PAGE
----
CA - Putting a price on the protective power of wetlands
In coastal communities prone to hurricanes and tropical storms, people typically turn to engineered solutions for protection: levees, sea walls and the like. But a natural buffer in the form of wetlands may be the more cost-effective solution, according to new research from the University of California San Diego.
In the most comprehensive study of its sort to date, UC San Diego economists show that U.S. counties with more wetlands experienced substantially less property damage from hurricanes and tropical storms over a recent 20-year period than those with fewer wetlands.
A major focus of the study is estimating the monetary value of wetlands' property-protecting services. On average, the marginal value of one square kilometer of wetlands is estimated at $1.8 million per year. The study also finds there is considerable spatial variation in the value of wetlands' protective services, with their value in heavily populated areas that are at frequent risk of being hit by major storms often being considerably higher.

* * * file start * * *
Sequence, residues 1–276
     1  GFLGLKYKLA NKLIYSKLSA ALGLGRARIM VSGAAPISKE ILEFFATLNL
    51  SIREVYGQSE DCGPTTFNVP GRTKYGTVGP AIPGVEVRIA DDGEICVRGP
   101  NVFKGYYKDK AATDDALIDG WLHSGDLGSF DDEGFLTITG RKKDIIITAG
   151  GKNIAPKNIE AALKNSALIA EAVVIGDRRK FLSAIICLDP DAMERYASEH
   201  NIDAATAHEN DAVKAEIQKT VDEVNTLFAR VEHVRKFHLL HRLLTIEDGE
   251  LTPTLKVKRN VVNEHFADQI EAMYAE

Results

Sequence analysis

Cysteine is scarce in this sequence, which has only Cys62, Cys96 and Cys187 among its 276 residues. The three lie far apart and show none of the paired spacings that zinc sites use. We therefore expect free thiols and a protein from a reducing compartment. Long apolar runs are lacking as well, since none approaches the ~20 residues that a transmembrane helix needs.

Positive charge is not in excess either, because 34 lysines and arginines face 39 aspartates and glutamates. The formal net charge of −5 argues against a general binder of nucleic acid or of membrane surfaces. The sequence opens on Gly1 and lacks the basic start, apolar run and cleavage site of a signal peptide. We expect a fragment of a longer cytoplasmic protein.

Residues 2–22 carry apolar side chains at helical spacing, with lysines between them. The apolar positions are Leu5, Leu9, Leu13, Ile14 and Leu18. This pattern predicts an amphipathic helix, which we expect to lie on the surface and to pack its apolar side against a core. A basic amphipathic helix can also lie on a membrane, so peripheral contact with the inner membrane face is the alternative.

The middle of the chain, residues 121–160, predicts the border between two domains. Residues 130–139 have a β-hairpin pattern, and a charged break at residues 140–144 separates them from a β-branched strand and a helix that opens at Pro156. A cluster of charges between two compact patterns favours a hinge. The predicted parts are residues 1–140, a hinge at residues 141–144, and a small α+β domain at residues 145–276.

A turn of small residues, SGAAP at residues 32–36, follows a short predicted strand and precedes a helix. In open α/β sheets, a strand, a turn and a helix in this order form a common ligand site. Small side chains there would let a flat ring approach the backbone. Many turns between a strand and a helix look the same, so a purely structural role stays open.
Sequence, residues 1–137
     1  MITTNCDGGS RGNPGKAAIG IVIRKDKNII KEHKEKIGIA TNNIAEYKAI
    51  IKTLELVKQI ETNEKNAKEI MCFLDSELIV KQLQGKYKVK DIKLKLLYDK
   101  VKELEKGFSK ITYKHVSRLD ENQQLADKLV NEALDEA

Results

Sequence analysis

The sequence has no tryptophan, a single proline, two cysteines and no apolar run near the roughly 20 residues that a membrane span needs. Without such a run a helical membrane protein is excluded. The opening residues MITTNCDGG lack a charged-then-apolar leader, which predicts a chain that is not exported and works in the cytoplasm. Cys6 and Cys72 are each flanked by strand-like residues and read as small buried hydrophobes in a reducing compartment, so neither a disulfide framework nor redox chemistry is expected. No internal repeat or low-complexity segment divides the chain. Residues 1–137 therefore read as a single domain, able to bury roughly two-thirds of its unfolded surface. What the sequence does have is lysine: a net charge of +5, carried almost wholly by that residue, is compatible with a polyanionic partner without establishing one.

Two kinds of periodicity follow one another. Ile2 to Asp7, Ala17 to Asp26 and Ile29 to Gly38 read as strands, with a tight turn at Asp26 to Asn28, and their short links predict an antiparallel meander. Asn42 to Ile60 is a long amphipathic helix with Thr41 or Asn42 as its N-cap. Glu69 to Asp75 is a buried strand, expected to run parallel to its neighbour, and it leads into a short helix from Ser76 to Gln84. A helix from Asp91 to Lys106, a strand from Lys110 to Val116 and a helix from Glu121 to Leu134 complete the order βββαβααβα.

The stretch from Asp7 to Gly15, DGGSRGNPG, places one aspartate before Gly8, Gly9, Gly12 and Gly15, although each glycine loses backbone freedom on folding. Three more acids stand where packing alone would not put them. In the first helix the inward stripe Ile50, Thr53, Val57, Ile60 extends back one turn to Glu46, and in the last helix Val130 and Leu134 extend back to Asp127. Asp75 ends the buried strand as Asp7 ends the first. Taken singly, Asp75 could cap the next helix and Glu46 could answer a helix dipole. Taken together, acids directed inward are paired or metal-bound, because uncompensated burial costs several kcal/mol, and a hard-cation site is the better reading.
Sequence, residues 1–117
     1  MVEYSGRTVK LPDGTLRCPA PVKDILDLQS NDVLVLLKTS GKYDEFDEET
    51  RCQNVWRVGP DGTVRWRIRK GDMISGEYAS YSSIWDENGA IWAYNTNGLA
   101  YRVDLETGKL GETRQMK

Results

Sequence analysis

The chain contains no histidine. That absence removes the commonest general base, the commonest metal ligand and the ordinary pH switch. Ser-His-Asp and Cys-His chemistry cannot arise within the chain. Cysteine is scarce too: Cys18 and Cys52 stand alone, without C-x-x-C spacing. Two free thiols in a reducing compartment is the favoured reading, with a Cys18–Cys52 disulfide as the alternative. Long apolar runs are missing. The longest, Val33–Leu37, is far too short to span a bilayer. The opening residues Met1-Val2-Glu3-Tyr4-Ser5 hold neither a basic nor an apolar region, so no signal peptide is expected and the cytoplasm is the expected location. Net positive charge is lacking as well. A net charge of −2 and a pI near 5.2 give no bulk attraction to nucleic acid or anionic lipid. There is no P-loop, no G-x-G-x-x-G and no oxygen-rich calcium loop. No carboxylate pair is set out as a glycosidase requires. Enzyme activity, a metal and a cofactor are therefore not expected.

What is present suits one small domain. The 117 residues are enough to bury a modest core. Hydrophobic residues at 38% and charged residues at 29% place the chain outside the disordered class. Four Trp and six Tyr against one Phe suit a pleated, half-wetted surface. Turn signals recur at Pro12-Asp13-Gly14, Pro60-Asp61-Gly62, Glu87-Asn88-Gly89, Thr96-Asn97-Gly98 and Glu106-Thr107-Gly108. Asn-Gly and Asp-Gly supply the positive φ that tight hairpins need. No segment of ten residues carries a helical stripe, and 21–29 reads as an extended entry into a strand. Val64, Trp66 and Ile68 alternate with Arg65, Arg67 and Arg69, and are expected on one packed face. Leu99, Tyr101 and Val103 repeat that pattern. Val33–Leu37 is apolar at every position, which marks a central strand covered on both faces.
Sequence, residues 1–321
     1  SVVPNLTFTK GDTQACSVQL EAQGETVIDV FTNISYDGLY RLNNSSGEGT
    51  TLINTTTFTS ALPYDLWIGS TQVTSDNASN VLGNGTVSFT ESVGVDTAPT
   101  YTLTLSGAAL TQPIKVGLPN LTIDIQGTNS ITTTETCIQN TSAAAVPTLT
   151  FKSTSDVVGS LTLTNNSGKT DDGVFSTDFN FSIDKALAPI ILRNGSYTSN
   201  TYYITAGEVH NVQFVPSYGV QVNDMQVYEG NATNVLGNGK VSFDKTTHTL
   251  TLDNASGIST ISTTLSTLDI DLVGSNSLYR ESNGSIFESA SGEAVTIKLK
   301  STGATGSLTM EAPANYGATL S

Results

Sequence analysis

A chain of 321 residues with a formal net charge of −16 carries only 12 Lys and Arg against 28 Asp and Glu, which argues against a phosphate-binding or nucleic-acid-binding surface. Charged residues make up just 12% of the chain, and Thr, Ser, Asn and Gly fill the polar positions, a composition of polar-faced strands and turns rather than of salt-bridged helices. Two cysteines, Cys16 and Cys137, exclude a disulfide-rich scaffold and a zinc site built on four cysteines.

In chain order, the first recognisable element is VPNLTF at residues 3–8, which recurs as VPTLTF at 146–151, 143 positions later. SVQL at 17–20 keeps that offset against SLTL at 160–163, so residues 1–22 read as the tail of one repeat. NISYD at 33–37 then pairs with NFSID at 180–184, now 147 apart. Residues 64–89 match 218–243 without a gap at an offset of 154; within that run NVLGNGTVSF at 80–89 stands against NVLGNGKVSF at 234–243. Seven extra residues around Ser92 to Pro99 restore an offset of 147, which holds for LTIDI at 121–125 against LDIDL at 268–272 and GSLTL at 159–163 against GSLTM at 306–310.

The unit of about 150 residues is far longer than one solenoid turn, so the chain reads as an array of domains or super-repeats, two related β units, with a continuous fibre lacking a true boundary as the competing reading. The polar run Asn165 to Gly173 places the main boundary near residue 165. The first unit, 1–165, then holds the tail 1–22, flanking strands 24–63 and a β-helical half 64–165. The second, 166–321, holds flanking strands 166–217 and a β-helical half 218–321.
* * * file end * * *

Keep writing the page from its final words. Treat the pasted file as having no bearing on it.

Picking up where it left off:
The paper, titled "Coastal wetlands reduce property damage during tropical cyclones," is published in the Proceedings of the National Academy of Sciences.